LISA CLARK: Welcome to our webcast. I'm Lisa Clark. When it comes to osteoporosis, most women think they know the basics, but with 10 million cases of osteoporosis in the U.S. alone, there's no doubt people need to know more about this serious condition, which in many cases can be prevented. What exactly is osteoporosis, and why does it occur?
Joining me today to answer these questions is Dr. Carolyn Becker, the Associate Director of the Tony Stabile Osteoporosis Center at Columbia University. Dr. Becker, thanks for being here. We appreciate it.
CAROLYN BECKER, MD: Thank you.
LISA CLARK: I guess we'd better start with the very basics. What is bone?
CAROLYN BECKER, MD: Many people think of bone as a dead tissue. It is a living tissue, and it consists of calcium, phosphate, a lot of minerals. It gives our body its structure so we can walk. It also provides calcium and other minerals to maintain a normal balance in our blood.
LISA CLARK: As a living system, what is the normal bone cycle like? How does that work?
CAROLYN BECKER, MD: The reason we worry about osteoporosis is that bone remodels itself. It is constantly getting rid of the old and replacing it with new bone so that it's structurally sound and strong bone. As we get older, especially after age 30 or 35, for some reason the bone that gets eaten away to be replaced by new bone is not replaced by as much new bone, so there's a net loss of bone over the years. The remodeling process goes on very rapidly after menopause for women, and that's often a time when there is very rapid bone loss.
LISA CLARK: Why does that happen, do they think?
CAROLYN BECKER, MD: We think it's because the lack of estrogen sets up a dynamic within the bone so that the bone starts to be more resorbed, or eaten away, rather than built up. There are two kinds of cells that we find in the bone -- osteoblasts and osteoclasts. Osteoblasts build bone, osteoclasts are like little Pac-Men that eat away the bone and cause these craters to be formed. Lack of estrogen and various other hormonal changes, as well as aging, seem to affect this balance so that the bone cells eating away the bone for some reason overcome the cells that are forming new bone, so you have a loss of bone over time.
Now, there is a bit of an erroneous assumption that osteoporosis is just something that affects older women. Actually, you could say that osteoporosis starts in childhood.
CAROLYN BECKER, MD: There are two concepts. There's a concept of peak bone mass, and there's a concept of bone loss. You can end up with osteoporosis at age 50 if you never built a good skeleton when you were young. I think of the skeleton as a bank account. Until the age of 30 it's all deposit. After age 30 to age 35, it's all withdrawal. So if, for some reason, as a child you did not get enough calcium, you didn't have a healthy lifestyle, you smoked, you didn't have normal periods as a young teenage girl, you will never build a strong skeleton for the rest of your life, and you may start losing bone in your 30s, and you're already at such a low level you could have osteoporosis at age 50, and you'd have the bones of an 80-year-old woman when you're only 50.
LISA CLARK: Now, everyone does lose bone mass as the age after age 35. What is the normal level of bone loss per year for an average person, if there is an average person?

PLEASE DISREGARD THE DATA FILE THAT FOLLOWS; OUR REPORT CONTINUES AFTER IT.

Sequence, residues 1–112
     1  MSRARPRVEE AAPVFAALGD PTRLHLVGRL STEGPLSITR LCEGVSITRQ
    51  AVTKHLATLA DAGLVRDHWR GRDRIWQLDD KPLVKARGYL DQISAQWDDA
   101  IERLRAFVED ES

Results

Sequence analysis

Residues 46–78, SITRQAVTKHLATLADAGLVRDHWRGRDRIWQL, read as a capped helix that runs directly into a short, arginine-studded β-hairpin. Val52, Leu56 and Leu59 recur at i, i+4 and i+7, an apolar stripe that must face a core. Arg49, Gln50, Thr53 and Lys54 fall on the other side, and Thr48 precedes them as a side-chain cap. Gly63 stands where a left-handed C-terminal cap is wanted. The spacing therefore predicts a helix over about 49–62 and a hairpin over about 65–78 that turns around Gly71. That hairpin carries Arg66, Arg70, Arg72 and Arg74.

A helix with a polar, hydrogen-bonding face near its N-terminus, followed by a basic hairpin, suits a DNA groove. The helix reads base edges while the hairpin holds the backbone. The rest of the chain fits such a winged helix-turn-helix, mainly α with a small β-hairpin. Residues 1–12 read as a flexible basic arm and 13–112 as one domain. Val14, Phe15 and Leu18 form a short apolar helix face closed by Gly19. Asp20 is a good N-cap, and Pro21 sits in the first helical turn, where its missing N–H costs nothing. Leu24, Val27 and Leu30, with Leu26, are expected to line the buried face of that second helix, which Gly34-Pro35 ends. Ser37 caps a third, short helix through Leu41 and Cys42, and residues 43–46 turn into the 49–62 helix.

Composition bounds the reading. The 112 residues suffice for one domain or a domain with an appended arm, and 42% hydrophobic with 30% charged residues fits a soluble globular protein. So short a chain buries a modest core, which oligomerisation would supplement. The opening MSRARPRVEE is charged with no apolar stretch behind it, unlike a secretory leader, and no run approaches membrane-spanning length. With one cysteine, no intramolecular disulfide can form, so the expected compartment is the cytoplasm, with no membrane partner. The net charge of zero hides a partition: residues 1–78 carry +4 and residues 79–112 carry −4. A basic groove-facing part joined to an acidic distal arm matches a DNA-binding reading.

CAROLYN BECKER, MD: There is, and we've studied this over many years. Cohorts of women and men lose bone at the rate of about 0.5 percent to 1 percent per year. It's a very slow rate of bone loss, but after menopause, some women can lose 2 percent to 5 percent of their bone per year, which is a tremendous amount of bone loss.
LISA CLARK: The estrogen loss accelerates this dramatically?
CAROLYN BECKER, MD: Yes, it does.
LISA CLARK: What, then, is osteoporosis from a clinical standpoint? How do you define it?
CAROLYN BECKER, MD: It's a combination of low bone mass -- just not enough bone, porous bone, which is really the definition -- osteoporosis -- and structural or microscopic damage to the bone that's there, so that it really cannot support the weight of the person, and they can have what we call "fragility fractures," meaning they can fracture with minimal or no trauma.
LISA CLARK: And that's often when people first realize they have osteoporosis?
CAROLYN BECKER, MD: Yes. Unfortunately, I've seen many patients who never thought they had osteoporosis, and maybe they were hugged by a grandchild and they cracked their rib, or they were opening a window and crushed one of their vertebrae, and that was the first indication they had that they had osteoporosis.
LISA CLARK: We've talked about lack of adequate nutrition or exercise in youth or estrogen loss as a woman gets older, but there are also medical conditions or drugs that can accelerate or cause osteoporosis effects as well.
CAROLYN BECKER, MD: Yes. We call this "secondary osteoporosis." As endocrinologists, we often look for these causes of osteoporosis when patients come in with severe bone loss. It can be anything including malabsorption, patients with celiac disease or patients with Crohn's or other gastrointestinal problems, patients who are put on steroids or excessive thyroid hormones, patients who have other diseases, malignancies. There are a number of other conditions that can lead to low bone mass and osteoporosis.
LISA CLARK: So the message is, "Be vigilant. Talk to your doctor. Be aware of the risks."
CAROLYN BECKER, MD: Yes, absolutely.
LISA CLARK: And have it checked out.
CAROLYN BECKER, MD: Absolutely.
LISA CLARK: Thank you so much for joining us, Dr. Becker.
CAROLYN BECKER, MD: Thank you. My pleasure.
LISA CLARK: And our thanks to you for joining our webcast. I'm Lisa Clark.